The book cannot, in its present form at least, be ascribed to Joshua himself. The account of his death and that of Eleazar, with the few supplementary verses at the end of the book, might have been attached by another hand, as a conclusion to the historical work of Joshua, just as a like addition was made to the work of Moses. But there are up and down the book a number of historical notices, which point to a date clearly beyond the death of Joshua (compare Jos 15:13-20 and Jdg 1:1-15; 15:63, and Jdg 1:8; Jdg 15:13-19 and Judg. 18).
For these reasons the opinion of the rabbis and many moderns which names Joshua as himself the sole writer of this book, must apparently be abandoned. The evidence internal and external renders it likely that the book was composed partly from personal observation and inquiry, partly out of pre-existing and authentic documents, within a few years after the death of Joshua, and probably from materials furnished in part by Joshua himself.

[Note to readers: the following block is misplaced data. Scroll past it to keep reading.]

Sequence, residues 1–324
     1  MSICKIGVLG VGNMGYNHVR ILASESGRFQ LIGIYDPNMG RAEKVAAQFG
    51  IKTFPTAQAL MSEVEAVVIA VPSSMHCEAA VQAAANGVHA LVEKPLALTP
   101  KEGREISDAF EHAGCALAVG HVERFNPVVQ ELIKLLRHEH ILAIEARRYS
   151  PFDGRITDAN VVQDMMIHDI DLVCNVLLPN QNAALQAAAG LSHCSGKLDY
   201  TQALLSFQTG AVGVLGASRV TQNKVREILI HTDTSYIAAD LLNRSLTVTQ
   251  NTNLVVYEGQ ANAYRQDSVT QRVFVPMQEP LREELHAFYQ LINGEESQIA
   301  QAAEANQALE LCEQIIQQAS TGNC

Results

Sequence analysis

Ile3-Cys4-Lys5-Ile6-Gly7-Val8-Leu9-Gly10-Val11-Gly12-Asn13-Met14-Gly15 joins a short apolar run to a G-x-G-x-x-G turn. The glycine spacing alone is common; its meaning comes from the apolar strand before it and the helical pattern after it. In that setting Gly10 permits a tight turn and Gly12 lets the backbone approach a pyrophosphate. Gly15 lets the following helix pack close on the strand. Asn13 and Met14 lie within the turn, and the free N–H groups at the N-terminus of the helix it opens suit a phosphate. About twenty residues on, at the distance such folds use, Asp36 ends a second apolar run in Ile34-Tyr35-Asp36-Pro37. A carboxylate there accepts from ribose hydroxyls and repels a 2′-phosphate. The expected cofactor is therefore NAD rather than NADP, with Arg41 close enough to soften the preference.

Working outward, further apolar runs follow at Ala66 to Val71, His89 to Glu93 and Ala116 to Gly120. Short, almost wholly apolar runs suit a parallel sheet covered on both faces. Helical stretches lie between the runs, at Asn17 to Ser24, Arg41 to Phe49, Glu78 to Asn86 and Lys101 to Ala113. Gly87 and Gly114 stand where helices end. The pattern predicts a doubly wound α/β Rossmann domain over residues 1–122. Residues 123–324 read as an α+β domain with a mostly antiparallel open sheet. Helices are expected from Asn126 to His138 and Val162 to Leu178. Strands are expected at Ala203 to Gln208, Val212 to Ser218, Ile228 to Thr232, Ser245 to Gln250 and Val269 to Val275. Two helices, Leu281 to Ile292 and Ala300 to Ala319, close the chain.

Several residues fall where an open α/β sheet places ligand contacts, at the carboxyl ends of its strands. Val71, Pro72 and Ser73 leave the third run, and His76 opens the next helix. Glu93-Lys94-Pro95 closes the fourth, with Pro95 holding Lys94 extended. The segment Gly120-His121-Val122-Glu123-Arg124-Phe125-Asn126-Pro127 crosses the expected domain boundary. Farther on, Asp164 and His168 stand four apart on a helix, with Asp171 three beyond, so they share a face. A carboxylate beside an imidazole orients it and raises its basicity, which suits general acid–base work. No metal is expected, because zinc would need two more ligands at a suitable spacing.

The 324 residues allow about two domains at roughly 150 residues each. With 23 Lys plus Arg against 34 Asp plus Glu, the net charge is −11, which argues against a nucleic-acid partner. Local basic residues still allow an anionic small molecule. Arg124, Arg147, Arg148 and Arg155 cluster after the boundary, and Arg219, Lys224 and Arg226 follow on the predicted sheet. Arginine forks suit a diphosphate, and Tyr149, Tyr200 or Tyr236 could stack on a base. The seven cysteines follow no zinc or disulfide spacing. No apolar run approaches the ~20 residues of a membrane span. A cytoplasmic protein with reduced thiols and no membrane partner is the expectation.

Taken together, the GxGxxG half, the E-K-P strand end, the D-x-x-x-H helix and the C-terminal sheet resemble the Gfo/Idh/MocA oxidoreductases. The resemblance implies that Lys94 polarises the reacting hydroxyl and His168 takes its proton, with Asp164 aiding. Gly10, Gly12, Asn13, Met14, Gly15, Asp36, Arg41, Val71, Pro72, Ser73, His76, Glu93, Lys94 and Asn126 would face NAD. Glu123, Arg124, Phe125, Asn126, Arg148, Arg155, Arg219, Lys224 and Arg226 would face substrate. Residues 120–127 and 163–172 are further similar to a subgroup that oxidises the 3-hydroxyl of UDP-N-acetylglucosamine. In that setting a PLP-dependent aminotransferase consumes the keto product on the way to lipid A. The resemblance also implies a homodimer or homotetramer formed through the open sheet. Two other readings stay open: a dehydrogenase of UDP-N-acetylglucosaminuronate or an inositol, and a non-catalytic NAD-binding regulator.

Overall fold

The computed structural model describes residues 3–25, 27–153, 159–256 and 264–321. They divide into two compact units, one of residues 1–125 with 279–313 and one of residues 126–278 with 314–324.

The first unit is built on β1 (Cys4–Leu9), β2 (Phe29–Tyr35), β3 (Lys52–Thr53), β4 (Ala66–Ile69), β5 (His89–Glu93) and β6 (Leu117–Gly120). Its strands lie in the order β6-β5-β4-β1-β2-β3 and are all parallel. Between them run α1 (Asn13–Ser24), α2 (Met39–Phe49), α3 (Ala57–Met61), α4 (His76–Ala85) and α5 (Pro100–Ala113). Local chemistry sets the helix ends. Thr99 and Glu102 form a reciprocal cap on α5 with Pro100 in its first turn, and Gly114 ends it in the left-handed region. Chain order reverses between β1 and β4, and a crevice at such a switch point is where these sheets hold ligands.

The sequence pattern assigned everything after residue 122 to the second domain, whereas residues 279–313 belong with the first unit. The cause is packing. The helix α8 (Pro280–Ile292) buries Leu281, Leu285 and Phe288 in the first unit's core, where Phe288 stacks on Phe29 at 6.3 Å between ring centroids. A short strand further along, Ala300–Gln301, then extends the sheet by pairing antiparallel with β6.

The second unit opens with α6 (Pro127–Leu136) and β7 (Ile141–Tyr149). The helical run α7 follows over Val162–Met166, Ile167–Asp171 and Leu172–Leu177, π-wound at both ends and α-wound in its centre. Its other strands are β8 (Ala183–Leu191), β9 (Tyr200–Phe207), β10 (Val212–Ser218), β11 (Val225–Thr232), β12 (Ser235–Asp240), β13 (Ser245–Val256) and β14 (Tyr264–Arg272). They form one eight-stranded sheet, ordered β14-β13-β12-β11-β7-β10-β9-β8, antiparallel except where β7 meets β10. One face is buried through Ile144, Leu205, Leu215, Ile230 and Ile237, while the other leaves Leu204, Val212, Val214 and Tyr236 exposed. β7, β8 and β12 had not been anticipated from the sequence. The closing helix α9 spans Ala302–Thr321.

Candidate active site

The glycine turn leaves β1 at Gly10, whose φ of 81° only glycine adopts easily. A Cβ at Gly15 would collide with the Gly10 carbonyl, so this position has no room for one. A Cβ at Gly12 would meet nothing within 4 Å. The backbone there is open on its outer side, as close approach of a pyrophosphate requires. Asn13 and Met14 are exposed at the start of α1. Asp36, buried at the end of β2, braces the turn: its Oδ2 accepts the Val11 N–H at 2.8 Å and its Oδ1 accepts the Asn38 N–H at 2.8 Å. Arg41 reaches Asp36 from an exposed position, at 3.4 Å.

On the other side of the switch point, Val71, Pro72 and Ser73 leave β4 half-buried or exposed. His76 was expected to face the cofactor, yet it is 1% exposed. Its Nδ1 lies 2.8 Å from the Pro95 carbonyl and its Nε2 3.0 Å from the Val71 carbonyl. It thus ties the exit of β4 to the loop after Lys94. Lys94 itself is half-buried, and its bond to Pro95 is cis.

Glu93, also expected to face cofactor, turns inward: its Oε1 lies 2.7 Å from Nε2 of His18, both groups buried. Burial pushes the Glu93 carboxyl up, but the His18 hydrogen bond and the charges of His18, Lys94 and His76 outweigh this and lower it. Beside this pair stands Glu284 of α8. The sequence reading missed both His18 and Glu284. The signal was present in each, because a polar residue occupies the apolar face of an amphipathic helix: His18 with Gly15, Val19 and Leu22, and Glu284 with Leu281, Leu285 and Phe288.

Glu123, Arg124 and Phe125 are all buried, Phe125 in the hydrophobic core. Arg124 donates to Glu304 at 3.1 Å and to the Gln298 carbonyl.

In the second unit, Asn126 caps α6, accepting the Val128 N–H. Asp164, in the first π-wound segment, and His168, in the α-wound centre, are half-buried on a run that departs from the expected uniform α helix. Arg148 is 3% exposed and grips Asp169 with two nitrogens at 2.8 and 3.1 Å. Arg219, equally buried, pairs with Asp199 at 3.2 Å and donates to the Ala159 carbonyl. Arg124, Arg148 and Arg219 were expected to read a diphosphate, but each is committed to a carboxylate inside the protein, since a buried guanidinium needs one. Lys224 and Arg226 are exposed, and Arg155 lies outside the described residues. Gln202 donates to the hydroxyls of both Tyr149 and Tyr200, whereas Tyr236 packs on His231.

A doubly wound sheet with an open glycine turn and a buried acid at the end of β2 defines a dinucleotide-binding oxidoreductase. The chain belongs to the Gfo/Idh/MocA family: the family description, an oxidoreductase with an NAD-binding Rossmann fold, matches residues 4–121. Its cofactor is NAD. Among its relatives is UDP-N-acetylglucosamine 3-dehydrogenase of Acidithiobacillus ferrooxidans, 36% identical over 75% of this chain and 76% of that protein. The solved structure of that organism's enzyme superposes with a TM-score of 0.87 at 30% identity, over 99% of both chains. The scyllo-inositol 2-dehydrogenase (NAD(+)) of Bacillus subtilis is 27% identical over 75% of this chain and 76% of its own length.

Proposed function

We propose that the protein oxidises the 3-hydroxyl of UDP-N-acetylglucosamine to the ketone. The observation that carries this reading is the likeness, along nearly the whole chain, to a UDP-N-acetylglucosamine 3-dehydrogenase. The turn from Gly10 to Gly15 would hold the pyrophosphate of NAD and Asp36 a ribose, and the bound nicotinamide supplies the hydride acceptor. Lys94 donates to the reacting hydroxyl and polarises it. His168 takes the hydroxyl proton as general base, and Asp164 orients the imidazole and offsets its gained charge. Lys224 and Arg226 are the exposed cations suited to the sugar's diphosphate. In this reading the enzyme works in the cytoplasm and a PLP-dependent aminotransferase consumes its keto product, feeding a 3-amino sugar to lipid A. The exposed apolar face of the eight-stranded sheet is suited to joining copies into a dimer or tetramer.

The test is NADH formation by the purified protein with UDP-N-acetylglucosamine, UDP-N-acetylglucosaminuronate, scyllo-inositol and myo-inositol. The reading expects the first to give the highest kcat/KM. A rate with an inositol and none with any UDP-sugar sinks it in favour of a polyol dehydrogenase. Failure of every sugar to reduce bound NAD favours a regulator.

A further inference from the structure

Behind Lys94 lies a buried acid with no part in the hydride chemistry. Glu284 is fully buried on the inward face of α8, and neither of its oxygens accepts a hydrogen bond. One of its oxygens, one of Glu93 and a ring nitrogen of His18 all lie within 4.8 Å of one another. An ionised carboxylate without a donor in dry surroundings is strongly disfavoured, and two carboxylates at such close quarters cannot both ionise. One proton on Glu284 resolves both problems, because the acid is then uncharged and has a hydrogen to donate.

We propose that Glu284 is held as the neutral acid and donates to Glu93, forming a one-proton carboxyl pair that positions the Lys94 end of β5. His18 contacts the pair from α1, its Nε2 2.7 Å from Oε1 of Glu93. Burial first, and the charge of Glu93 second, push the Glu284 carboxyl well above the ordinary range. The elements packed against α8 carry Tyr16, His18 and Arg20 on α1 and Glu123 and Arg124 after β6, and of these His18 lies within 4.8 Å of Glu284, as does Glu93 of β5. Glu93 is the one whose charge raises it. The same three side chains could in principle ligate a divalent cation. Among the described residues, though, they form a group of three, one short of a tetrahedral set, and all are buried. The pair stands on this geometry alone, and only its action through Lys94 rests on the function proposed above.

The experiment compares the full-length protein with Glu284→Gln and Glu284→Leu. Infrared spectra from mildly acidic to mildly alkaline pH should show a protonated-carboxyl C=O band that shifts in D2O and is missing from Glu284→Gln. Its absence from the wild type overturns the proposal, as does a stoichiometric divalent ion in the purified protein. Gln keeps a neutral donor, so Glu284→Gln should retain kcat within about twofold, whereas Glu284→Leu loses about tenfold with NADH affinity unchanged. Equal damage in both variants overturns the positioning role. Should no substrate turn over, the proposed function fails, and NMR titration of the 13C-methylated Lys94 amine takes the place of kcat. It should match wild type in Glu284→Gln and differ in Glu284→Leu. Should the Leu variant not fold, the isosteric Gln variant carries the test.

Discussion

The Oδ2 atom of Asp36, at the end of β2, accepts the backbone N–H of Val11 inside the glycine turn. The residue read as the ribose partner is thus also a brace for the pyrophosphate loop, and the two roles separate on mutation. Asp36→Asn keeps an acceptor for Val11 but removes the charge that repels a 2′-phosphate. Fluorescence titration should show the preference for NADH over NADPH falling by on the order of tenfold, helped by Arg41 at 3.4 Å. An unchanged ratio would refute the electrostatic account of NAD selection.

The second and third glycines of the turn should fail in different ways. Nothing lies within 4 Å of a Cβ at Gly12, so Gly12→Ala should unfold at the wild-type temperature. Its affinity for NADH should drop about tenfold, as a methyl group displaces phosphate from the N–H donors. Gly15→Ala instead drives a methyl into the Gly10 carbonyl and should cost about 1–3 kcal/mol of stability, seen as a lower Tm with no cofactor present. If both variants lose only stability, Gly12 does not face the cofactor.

5. The book of Joshua is a work complete in itself, with an organic unity and peculiar characteristics. This appears:
(1) From the definiteness of the writer’s purpose, and the thoroughness with which he executes it. He proposes to narrate the conquest of Canaan, and to present that conquest as a proof of God’s fidelity to his covenant. But the writer does not limit himself to the achievements of Joshua. Such additions to the main body of his story, which belongs to the lifetime and leadership of Joshua, as are contained in Josh. 13 and Josh. 15 are to be explained only by a reference to the writer’s distinct and special aim.